Using thermal imaging technology, Glasgow University (Glasgow, UK) scientists have shown that penguins benefit from an unusual phenomenon to stay warm during Antarctic winters.
Despite living in one of the coldest places on Earth where temperatures can reach -40C, Emperor penguins retain their body heat not only because of their plumage and layers of fat but also because the surface of their feathers are colder than the surrounding air.
After studying penguins in Adélie Land, scientists from Glasgow's Institute of Biodiversity, Animal Health & Comparative Medicine and the Université de Strasbourg, determined that the surface temperature of the birds was four degrees cooler than the surrounding air. The only parts of the penguins warmer than the air were the eyes, beaks and feet. Only the eyes were warmer than freezing.
Penguins maintain a core temperature of around 36.9C when incubating their young and, like any animal, will lose heat to the surrounding air as a result of thermal radiation, when heat from their warm bodies transfers to the colder air.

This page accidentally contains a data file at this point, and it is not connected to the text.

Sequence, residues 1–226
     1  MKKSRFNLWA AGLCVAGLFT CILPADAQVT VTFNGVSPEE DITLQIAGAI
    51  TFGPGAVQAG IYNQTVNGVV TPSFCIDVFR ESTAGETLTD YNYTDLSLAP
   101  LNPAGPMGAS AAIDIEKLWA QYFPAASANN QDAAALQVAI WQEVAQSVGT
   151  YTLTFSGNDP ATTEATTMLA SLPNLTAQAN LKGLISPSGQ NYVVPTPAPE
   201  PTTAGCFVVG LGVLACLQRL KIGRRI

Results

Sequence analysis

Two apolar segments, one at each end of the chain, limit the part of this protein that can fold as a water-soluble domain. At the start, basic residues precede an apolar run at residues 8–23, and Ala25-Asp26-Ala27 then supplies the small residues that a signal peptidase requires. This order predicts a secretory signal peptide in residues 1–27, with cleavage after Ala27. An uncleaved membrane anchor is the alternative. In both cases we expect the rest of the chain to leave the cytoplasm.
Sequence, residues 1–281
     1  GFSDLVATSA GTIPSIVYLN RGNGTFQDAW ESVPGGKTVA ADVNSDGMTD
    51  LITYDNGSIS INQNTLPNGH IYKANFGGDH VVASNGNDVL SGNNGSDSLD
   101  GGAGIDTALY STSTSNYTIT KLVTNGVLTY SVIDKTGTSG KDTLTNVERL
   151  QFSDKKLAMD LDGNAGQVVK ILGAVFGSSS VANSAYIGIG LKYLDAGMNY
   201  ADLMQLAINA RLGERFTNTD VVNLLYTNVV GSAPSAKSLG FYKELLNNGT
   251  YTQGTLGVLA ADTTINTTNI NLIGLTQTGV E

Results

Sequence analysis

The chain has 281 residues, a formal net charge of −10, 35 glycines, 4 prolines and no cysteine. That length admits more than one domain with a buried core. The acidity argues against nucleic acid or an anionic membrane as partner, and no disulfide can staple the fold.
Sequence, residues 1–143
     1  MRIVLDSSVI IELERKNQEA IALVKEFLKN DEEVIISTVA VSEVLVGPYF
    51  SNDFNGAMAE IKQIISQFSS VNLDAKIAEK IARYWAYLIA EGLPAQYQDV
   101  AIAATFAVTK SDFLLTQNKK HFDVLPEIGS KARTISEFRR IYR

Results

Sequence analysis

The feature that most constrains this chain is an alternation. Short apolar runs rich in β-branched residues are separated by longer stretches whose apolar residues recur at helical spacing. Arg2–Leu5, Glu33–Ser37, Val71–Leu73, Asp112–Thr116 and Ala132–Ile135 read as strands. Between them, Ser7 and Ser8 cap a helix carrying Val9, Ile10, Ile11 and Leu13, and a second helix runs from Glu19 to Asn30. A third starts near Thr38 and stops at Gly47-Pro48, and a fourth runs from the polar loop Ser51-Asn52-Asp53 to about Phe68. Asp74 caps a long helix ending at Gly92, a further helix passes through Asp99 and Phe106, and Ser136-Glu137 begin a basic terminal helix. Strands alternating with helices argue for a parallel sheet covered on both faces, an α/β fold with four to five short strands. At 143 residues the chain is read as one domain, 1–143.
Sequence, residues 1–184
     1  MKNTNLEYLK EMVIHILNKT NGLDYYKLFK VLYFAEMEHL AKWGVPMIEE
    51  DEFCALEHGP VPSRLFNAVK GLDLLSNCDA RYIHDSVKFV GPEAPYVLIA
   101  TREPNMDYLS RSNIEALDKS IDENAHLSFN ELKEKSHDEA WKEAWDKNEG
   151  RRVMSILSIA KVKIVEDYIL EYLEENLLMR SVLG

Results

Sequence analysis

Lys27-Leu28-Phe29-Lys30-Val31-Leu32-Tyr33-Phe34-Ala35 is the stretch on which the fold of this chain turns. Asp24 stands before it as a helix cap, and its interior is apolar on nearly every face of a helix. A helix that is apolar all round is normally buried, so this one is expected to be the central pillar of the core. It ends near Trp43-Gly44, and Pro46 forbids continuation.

However, because the plumage is colder than the surrounding air, computer simulations showed this 'cold coat' may gain them back a little heat from the warmer air circulating around them. Though this regained heat is unlikely to reach their skin, it could help reduce some of the heat loss from the body by thermal radiation.
The findings were reported in the latest edition of the journal Biology Letters. More information is available here.
Related articles from Vision Systems Design that you might also find of interest.
1. Scientists spy penguins via satellite
An international team of scientists has used satellite images to estimate the number of penguins at each colony around the coastline of Antarctica in order to produce more accurate population studies.
2. Thermal imaging detects wildlife in fields
As a result of the increase in the speed and size of farm equipment, the risk of wild animals being accidentally injured or killed during farming has increased dramatically.
3. Bergy bits detected using thermal imaging
Thermal imaging cameras from Flir Systems (Wilsonville, OR, USA) have been demonstrated to be an effective way of tracking icebergs in the Arctic waters, helping seafarers to find the safest path through the ice.
-- Dave Wilson, Senior Editor, Vision Systems Design